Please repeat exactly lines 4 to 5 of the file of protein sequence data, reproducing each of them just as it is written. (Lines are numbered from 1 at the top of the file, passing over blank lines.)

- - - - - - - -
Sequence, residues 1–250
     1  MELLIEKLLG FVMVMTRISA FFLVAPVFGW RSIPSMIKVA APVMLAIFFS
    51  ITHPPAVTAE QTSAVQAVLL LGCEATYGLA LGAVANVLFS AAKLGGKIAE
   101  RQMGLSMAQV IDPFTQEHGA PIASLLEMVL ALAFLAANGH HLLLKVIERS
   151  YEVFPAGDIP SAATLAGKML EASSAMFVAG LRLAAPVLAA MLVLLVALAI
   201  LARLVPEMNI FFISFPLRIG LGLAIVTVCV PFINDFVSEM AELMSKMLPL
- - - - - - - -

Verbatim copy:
   101  RQMGLSMAQV IDPFTQEHGA PIASLLEMVL ALAFLAANGH HLLLKVIERS
   151  YEVFPAGDIP SAATLAGKML EASSAMFVAG LRLAAPVLAA MLVLLVALAI